Show the republican who becomes governor that there is support for diversions.

An influential coalition that advocates for coastal restoration is seeking to show candidates in this year’s election for Louisiana governor that the public broadly supports large-scale sediment diversions, pointing to results from a poll conducted on its behalf to help make its case. Results released Tuesday from the poll conducted for the Restore the Mississippi River Delta coalition indicate strong backing for diversions and deep concern over coastal land loss. The coalition says support for diversions was solid even when poll respondents were informed of arguments against such projects. State officials say two major Mississippi River diversion projects being planned are vital to slowing the land loss steadily peeling away at Louisiana’s coast and have presented scientific data to back them. But they are opposed by commercial fishers, who say their livelihoods will be ruined by the influx of freshwater and sediment into areas where they grow oysters and trawl for shrimp. The poll indicated 73% of respondents support diversions to rebuild coastal land, up from 68% in 2021. When further information was provided, the share increased to 80%. Support was similar across political parties. After being read negative opinions on the diversions, support held at 66%, according to the poll. When both sides were presented, support rose back to 74%.

There was a favorable response for law makers who protect the land.

Beyond diversions, the poll showed widespread concern with coastal land loss and climate change’s effects in Louisiana. Some 84% said they had a favorable opinion of “lawmakers who support strong action to protect and restore Louisiana’s coastal areas and wetlands.” Asked how soon coastal land loss will directly impact their families, 54% of respondents said within 10 years, and 65% said within 20 years. Those numbers rose slightly among respondents in coastal areas of the state. Perhaps surprisingly, given the influence of the energy industry in Louisiana and voters’ recent preference for candidates such as Donald Trump, a high number – 69% – agreed that climate change is already having a serious impact on the state. That number has risen over the past couple years and reflects changes in opinion among Republicans and independents, said Andrew Baumann of Global Strategy Group, which conducted the poll. The poll involved a phone survey of more than 1,400 Louisiana registered voters between March 7 and 14, with an emphasis on coastal areas. The margin of error was 3.5% for the overall sample and 3% for the coastal sample.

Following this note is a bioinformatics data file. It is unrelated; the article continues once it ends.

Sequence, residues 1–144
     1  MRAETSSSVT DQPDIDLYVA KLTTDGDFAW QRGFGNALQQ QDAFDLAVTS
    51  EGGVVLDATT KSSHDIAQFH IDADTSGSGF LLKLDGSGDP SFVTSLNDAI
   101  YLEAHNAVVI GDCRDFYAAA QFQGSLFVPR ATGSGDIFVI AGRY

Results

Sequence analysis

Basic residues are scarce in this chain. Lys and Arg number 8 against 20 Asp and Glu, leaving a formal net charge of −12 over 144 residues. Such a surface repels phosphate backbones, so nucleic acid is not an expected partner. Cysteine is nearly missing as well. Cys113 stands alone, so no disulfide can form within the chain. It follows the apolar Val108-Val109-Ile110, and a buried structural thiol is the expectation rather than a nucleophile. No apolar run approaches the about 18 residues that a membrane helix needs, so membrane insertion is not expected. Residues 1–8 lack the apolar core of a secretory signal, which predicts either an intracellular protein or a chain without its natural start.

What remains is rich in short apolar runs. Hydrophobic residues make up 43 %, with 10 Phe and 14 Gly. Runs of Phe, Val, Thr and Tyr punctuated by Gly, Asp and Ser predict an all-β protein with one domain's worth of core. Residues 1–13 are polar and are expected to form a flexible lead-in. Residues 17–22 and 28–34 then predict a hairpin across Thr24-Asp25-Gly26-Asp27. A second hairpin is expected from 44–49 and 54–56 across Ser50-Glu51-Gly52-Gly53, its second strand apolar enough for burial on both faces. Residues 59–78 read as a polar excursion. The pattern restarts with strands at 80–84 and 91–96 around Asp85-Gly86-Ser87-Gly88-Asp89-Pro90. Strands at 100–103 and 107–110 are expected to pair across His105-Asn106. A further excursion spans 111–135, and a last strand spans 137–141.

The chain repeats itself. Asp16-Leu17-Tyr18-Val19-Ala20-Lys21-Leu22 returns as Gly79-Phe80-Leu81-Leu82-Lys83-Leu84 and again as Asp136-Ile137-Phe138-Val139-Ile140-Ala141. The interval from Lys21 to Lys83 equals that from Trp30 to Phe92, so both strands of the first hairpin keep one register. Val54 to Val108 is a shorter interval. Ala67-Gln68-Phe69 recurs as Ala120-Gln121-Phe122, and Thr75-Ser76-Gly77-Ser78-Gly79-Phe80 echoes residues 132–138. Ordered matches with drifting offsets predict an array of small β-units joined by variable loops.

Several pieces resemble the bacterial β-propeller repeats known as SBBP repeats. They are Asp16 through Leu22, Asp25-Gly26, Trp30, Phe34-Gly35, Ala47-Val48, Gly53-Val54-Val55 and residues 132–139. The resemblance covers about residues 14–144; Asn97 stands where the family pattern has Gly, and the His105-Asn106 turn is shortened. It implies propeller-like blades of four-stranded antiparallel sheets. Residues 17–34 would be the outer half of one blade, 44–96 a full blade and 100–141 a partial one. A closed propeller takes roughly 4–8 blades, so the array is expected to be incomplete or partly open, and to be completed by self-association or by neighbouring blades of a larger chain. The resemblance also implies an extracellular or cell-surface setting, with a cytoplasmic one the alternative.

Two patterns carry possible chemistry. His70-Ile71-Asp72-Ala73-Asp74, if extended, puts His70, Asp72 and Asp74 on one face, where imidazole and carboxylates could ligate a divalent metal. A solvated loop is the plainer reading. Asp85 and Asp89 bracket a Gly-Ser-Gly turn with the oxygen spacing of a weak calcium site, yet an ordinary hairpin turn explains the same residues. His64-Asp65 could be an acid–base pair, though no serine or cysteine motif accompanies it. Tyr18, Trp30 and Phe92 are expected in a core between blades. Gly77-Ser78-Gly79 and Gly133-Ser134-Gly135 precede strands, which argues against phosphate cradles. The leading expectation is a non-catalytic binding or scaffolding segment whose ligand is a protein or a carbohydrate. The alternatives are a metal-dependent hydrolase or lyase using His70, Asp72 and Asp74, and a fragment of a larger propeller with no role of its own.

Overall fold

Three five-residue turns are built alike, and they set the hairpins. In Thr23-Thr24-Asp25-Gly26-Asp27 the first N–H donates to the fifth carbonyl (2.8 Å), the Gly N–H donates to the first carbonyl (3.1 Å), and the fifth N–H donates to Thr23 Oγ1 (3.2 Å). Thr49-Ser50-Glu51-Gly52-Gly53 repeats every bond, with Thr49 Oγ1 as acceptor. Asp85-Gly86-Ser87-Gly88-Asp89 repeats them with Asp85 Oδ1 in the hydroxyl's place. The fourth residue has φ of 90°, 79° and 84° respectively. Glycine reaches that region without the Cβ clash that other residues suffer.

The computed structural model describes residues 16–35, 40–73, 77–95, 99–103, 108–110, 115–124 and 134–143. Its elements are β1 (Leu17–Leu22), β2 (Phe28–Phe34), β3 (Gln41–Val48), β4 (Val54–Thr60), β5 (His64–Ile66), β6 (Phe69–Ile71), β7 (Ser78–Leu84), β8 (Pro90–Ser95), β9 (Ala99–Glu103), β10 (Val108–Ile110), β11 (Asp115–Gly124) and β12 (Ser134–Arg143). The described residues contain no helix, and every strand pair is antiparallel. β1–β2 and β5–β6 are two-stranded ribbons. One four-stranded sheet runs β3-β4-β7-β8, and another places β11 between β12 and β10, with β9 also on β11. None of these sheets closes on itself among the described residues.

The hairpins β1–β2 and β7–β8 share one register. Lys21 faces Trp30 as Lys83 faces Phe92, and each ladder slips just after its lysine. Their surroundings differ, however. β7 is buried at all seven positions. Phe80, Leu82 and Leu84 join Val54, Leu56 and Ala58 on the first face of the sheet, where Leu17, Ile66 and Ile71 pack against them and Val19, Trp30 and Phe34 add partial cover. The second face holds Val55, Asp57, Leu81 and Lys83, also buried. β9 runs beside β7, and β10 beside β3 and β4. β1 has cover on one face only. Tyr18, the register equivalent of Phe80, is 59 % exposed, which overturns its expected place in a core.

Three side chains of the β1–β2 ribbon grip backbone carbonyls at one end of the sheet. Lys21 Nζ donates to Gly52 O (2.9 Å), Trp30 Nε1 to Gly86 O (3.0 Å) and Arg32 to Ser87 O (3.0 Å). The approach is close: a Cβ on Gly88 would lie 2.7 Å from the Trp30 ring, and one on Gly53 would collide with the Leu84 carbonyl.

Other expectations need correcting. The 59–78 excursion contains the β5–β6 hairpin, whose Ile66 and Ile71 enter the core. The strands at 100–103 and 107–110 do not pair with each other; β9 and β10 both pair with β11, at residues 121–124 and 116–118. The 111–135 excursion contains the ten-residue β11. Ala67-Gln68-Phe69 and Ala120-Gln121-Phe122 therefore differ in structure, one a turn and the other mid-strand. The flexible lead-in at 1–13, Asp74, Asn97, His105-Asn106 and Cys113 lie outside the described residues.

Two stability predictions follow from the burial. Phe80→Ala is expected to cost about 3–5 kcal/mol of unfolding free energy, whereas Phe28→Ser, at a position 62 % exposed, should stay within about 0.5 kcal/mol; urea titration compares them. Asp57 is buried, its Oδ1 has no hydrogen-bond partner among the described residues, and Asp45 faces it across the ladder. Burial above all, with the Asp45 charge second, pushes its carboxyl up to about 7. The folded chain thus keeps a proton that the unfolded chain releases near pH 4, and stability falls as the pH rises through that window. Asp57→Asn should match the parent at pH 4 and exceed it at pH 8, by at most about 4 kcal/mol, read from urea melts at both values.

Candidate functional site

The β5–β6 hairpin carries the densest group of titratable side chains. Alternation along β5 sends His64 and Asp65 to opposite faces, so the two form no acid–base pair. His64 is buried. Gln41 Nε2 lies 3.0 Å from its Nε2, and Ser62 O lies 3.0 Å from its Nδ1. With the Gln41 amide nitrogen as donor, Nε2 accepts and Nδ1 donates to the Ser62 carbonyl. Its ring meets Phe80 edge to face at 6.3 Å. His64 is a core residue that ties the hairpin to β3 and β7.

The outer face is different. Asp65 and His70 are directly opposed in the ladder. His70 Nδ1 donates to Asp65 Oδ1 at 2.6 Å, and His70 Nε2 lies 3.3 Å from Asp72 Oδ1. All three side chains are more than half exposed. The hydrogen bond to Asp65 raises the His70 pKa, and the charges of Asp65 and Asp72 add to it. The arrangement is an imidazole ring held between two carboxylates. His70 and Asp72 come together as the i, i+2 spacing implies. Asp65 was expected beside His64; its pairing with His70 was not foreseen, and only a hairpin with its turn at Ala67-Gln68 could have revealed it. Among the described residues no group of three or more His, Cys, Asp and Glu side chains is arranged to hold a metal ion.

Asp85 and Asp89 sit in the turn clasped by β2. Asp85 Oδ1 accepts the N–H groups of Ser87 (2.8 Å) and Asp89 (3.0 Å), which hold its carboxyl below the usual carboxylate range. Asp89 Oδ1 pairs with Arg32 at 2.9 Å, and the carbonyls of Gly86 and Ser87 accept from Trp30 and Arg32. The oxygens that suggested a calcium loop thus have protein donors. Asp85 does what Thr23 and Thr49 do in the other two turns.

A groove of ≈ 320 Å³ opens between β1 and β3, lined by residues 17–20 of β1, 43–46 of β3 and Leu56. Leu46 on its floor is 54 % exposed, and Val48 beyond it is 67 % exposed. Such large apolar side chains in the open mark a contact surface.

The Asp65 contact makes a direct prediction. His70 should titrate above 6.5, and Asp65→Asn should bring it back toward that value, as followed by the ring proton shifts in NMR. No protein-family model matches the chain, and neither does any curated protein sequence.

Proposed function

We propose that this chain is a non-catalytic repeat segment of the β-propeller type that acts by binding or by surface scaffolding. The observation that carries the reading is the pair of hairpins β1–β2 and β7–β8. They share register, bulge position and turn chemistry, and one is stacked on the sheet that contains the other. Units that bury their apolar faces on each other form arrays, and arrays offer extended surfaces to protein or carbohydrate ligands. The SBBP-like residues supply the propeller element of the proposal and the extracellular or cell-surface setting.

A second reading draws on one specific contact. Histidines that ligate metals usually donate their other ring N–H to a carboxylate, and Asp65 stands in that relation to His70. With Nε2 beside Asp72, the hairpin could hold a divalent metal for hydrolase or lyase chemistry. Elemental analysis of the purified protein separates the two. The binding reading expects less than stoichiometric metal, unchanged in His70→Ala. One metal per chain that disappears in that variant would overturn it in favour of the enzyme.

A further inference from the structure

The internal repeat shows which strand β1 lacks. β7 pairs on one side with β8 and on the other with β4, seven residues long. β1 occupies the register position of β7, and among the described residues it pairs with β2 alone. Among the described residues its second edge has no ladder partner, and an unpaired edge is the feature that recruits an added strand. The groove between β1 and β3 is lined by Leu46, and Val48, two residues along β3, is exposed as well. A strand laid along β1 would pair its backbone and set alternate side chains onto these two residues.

Tell the candidates where the citizens stand.

Asked about concern that a future governor will be less supportive of sediment diversions than Gov. John Bel Edwards’ administration, coalition campaign director Simone Maloz said it was important to show where the public stands and present scientific facts. “We wanted to make sure that we understood where voters were in this election year,” she said. “We believe, and I think many, many people do also believe as confirmed by this polling, that there’s tremendous support for this … This is bipartisan, nonpartisan support for the actions that Louisiana is taking as we face this risky climate future.” The Mid-Barataria Sediment Diversion is set to begin construction later this year at a total cost of nearly $3 billion, paid for with settlement funds linked to the 2010 BP Deepwater Horizon spill. The project will be capable of funneling up to 75,000 cubic feet per second from the river into Barataria Basin, though it will operate at various capacities throughout the year. It is projected to build around 21 square miles of land by 2070 by essentially turning back time and mimicking the forces that formed south Louisiana in the first place. The Mid-Breton diversion, a similar project though on a slightly smaller scale, is being planned for the opposite side of the river in the years ahead. State officials point to the 2,000 square miles of land Louisiana has lost in less than a century and say diversions can help restore and maintain a sustainable coast.

There is skepticism in top republican officers.

Lt. Gov. Billy Nungesser, the former president of Plaquemines Parish, has been one of the most outspoken opponents of the plans. Commercial fishers say the state should stick to marsh building by dredging sediment instead of risking their livelihoods with such major changes in salinity. State officials say marsh-building projects using dredged sediment will also continue in addition to the diversions. They point out, however, that marsh projects erode like the rest of the coast, while diversions will help nourish wetlands over time. The state has set aside $378 million for mitigation for those who will be affected by Mid-Barataria, including commercial fishers. The coalition includes the Environmental Defense Fund, National Audubon Society, the National Wildlife Federation, Coalition to Restore Coastal Louisiana and Pontchartrain Conservancy.

There are worries as the governorship switches hands.

Shift in governor so build up support
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